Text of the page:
There certainly isn’t anything normal about carrying a 465 year old arm across Canada for a month. And frankly, it does seem pretty weird. But perhaps the greatest thing I learned from my month with St. Francis Xavier is that in the Christian life, we find not only the extraordinary in the ordinary, but also the ordinary in the extraordinary.
In January of this year, I was part of a team that brought the major relic - the incorrupt right hand and forearm - of St. Francis Xavier on a month-long tour across Canada that garnered significant attention from secular news sources and church bulletins alike. Acting as the guardian of the relic was the adventure of a lifetime, and a grace-filled experience that I will be continuing to unpack and reflect upon for the rest of my life.
On tour, we stopped in 15 cities, including every city where Catholic Christian Outreach and the Society of Jesus (co-presenting sponsors of the tour) have a presence. We saw close to 80,000 pilgrims on university campuses and at Catholic churches from sea to sea. They came with prayerful hearts and curious eyes to see this remarkable treasure of the Church.
When Angèle Regnier asked me to be a part of the team that would bring the major relic of her movement’s patron saint across Canada, I was humbled and honoured - completely surprised, but yet, so eager. No - I never could have in my wildest dreams have invented a more amazing adventure to take part in, but in a way explained only by God’s grace, I felt as though it was exactly what I was meant to do. No - I didn’t have any practical experience in caring for incorrupt human limbs. No - I had no intention of taking a semester off from my studies. And no - I hardly knew anything more about my saintly friend other than that he was a Jesuit missionary.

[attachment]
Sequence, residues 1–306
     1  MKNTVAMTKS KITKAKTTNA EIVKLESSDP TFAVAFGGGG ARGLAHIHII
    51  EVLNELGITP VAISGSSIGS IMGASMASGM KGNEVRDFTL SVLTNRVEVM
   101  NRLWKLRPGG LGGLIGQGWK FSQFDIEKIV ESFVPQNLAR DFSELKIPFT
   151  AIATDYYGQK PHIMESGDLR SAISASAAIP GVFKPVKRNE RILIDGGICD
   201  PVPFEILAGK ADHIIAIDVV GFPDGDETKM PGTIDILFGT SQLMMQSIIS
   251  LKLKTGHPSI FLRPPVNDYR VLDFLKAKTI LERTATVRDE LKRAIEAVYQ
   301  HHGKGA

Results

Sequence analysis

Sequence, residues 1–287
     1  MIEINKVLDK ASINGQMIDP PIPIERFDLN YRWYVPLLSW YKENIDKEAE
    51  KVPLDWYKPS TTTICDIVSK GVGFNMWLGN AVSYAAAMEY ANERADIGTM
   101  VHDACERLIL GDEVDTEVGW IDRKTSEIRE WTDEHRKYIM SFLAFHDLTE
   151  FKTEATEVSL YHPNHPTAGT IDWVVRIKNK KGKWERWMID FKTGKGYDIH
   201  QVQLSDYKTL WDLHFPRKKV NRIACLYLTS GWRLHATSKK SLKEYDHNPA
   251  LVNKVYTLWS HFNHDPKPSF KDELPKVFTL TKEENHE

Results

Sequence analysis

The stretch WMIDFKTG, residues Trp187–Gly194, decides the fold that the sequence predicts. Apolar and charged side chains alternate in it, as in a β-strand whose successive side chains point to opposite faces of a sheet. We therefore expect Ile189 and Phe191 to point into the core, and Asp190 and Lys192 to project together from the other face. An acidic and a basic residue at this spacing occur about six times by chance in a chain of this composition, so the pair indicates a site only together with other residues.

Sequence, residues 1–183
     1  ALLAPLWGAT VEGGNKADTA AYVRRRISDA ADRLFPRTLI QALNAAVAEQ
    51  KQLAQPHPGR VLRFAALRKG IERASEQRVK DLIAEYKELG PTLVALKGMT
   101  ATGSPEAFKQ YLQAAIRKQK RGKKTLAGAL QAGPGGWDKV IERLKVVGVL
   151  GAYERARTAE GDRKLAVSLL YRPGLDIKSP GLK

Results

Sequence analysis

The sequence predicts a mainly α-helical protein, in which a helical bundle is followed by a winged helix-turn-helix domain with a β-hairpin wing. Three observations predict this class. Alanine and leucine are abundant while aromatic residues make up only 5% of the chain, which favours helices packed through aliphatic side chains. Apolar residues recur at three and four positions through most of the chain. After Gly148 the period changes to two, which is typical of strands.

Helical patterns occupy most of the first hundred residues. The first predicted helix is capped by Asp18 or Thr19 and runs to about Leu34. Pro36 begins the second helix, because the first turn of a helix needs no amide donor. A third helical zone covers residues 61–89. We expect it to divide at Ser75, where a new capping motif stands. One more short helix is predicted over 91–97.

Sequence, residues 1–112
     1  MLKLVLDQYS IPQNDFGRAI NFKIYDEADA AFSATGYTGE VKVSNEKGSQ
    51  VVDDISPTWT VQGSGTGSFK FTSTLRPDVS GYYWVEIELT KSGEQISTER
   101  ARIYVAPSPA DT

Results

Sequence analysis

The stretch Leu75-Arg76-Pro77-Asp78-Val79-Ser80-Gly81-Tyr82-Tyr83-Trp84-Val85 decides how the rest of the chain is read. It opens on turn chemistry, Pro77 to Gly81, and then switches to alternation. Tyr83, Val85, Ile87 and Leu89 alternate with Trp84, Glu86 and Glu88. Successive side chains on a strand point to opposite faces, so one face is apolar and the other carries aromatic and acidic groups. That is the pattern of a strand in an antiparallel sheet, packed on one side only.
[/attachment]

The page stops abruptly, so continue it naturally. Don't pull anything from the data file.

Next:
There’s something about that “wonderful adventure” St. John Paul II talks about living with Christ that had trained me to always expect the unexpected. And not just to expect small things, but to have great expectations for the Lord and His perfect plan.
While I wanted to give my answer right there on that lawn in the heart of the campus of the University of Ottawa, I did have a few things to figure out before saying “yes” to what would be the greatest experience of my life. But in the days and weeks to follow, it was made abundantly clear that the adventure the Lord was inviting me on was one that I would regret turning down. Of course committing to a month of travel meant making certain sacrifices, but “He takes nothing away and He gives you everything” (Pope Benedict XVI at his Mass of Inauguration, 2005). God certainly gave me more than I ever could have imagined, leaving me unable to sleep at night, often wondering, “why me?”
What I came to realize was that this really had nothing to do with me, but rather with Christ’s mission of redeeming the world. That reality could not have been more clear, that it was not us, but St. Francis Xavier himself who was on mission in Canada. By his inspiration and intercession, three particular graces abounded: the conversion of hearts to Christ, miraculous healings of physical and non-physical ailments, and missionary zeal setting people on fire for the mission of bringing Christ to the world.
It was almost 500 years ago that St. Ignatius of Loyola, the founder of the Jesuits and St. Francis’ close friend, prayed over his confrere and commissioned him in Rome to bring the Gospel to the ends of the earth. St. Francis did not return until his incorrupt arm was brought back from Asia for veneration at the centre of the altar dedicated to his name, directly across from St. Ignatius’ tomb. It was a privilege to bring the arm that baptized 100,000 back to the Ge su Church in Rome after his most recent mission - this time not to India, but to Canada.
Seeing the arm back above the altar was a fitting conclusion to our time with St. Francis. To see him settled back into his regular home, business as usual reminded us that the saints never cease their mission from heaven. While St. Francis Xavier lived an extraordinary life, his mission in Canada showed me and so many others that the extraordinary lives of the saints are meant to become ordinary with our universal call to holiness and each of our vocations to sainthood.
Let’s make the extraordinary, ordinary. It’ll make St. Francis proud.